Sure, Kate and I should use the food processor to crush the cookies to make the truffles. But rolling them between two sheets of waxed paper turns the task into a game. And that is the purpose of our day—to spend time doing something fun.

Besides all I have is a recipe held precariously in my head. A superb baker, who owns two ovens, told me how to make the delicacies. Last week. I’m counting on my fallible memory.

Kate and I laugh as some of the crumbs escape across the table top. At least the cookies came from the organic section of the grocery. The mess contains fewer unnatural ingredients.

The final results taste fantastic, but won’t make the cover of any food magazine. We don’t take the time to make each ball even. And we run out of melted chocolate.

“Are you going to blog about this?” Kate asks.

“Why not?” I answer. Some of life’s most beautiful moments happen during mundane, messy, silly, and this-isn’t-the-way-it’s-supposed-to-happen experiences. Cookies-smashed-into-cream-cheese-and-scraped-off-with-the-blunt-edge-of-a-knife fit into that category.

As we work I think about how privileged I was to take Kate with me to find last-minute holiday gifts. I tend to be a get-required-items-then-skedaddle shopper. Kate and I stopped to look, to see, to celebrate, to talk over hot chocolate while Grandpa and Kate’s little sister, Rebe, had the chance to swim at the YMCA.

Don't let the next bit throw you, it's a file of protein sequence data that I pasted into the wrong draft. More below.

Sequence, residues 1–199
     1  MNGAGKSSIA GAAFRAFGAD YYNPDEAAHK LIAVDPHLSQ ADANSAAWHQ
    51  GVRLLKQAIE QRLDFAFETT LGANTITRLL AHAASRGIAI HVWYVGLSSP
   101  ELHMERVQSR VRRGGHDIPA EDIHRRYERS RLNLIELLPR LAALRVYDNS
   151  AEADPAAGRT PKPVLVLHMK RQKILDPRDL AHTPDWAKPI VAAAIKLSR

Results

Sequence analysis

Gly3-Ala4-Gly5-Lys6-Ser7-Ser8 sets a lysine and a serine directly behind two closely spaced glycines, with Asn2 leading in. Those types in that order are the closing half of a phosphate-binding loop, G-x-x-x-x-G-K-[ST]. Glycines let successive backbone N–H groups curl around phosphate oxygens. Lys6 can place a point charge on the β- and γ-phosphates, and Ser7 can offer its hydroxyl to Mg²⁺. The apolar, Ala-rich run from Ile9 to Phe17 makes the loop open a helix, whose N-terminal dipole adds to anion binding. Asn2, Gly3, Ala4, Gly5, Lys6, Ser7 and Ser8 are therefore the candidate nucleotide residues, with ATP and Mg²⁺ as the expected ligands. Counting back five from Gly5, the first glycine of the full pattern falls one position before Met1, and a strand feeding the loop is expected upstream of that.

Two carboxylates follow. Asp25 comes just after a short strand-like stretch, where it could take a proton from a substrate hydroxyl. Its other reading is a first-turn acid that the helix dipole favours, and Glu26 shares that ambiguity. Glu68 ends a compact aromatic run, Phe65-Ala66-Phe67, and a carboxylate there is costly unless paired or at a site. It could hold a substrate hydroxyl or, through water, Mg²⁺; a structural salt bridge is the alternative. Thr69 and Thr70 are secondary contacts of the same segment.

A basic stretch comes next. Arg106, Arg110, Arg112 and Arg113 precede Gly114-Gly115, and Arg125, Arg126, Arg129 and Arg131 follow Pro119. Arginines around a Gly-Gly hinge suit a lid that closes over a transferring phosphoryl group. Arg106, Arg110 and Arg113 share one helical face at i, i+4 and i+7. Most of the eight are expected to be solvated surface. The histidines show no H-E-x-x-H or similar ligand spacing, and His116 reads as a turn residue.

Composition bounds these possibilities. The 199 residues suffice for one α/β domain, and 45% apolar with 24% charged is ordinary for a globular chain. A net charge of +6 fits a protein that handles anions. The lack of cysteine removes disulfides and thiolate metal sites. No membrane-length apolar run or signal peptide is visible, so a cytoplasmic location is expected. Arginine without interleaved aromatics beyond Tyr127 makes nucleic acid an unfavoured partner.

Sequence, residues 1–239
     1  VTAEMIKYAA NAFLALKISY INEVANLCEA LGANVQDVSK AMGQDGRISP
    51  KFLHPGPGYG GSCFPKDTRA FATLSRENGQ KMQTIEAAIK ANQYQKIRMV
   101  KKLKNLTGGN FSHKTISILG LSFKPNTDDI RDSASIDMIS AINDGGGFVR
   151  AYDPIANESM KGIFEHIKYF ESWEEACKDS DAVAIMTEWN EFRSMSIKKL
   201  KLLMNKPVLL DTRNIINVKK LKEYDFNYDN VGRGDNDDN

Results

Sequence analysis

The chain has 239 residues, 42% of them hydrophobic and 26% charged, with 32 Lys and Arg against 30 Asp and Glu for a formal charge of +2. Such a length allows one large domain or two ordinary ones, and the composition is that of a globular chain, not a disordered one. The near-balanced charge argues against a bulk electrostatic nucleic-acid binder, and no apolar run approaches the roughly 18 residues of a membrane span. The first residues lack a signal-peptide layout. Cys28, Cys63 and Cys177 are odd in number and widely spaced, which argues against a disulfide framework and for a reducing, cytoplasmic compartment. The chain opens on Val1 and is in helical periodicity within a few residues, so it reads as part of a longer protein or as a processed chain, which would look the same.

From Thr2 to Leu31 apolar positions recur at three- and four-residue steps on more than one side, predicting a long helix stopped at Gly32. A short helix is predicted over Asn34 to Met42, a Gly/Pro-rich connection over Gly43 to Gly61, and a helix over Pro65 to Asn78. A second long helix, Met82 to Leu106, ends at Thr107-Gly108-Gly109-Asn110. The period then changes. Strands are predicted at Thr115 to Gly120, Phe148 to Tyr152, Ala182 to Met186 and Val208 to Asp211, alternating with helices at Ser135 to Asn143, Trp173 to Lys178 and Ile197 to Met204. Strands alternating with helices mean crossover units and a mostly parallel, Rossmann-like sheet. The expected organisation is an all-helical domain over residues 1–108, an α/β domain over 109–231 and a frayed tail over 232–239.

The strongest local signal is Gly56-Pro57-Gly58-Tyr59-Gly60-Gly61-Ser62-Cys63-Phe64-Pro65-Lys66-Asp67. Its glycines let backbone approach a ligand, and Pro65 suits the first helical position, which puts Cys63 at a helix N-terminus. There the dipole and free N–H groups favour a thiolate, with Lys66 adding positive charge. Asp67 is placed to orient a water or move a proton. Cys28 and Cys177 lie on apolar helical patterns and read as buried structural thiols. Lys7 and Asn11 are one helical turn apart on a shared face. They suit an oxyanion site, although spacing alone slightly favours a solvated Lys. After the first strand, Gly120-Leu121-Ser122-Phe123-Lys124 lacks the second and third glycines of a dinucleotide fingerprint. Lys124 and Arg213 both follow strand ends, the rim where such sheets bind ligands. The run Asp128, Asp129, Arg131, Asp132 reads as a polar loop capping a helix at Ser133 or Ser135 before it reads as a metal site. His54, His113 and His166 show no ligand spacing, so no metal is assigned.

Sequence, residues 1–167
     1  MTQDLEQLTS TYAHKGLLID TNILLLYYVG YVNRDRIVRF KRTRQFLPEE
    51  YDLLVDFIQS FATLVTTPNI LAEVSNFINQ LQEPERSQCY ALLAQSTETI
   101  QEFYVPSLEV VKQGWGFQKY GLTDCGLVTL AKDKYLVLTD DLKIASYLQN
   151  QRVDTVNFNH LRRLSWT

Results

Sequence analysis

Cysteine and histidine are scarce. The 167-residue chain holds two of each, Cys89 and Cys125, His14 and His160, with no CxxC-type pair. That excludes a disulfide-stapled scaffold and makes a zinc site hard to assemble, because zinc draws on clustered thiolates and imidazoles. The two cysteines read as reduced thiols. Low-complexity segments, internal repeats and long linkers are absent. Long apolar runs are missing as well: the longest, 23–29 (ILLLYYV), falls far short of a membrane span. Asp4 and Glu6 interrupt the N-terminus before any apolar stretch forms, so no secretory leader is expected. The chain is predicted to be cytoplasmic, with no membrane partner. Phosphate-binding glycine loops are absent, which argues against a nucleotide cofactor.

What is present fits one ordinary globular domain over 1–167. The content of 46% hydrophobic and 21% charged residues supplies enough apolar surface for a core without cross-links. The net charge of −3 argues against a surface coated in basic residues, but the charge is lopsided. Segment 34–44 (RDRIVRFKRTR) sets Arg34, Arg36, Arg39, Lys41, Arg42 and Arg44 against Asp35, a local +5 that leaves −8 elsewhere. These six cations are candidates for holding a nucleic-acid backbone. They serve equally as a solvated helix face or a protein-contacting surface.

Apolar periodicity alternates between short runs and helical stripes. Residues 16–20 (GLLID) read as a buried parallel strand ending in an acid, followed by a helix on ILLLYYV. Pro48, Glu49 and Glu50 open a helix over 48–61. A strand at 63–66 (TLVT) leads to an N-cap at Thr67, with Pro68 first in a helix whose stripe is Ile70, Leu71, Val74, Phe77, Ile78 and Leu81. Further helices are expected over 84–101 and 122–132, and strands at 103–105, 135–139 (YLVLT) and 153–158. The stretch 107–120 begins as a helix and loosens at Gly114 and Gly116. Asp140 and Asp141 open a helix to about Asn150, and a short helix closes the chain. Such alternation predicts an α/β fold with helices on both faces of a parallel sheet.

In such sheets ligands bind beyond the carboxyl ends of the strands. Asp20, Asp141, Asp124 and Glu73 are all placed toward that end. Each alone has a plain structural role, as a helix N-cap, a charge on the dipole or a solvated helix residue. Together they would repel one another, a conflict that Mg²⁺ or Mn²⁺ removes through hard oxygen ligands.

Kate wanted to help Grandma catch up. I feel honored.

The sink looks like it has taken over for a commercial chain of restaurants. Kate and I also made pumpkin bread. The stainless steel appears to be bleeding, in orange.

Then when Rebe comes back with Grandpa she decides she wants to bake, too. She doesn’t want to be left out. I agree only if she takes some of the finished products home with her. More food would end up in the freezer than we could give. Contents would need to be stacked like mortared bricks. For the freezer’s system this would be something like trying to breathe inside a basement wall.

And my waist line doesn’t need to hold what the refrigerator can’t.

After all our creations are completed the girls make a tent with blankets and couch cushions. I play with my granddaughters and crawl inside their play environment, too. I grab a plush toy cow and tell them it gives chocolate milk. Kate readily accepts a pretend squirt. Rebe claps her hands over her mouth and says, “I’m lactose intolerant.” She isn’t. But she has definitely inherited her father’s quick wit.

My neck should hurt more than it does. But perhaps laughter heals in unexplained ways. My considerably-past-middle-age years will return, sooner than I want them to appear, long before I see in a mirror the ridges in my neck. Probably sometime during the clean-up. For now I have discovered a great secret of the universe. The light in my granddaughters’ laughter makes me feel whole.

Kate and Rebe, thanks. Just for being the wonderful girls you are.

May  everyone find peace, love, joy, and plenty of laughter during the holiday season.

laughter words to inspire the soul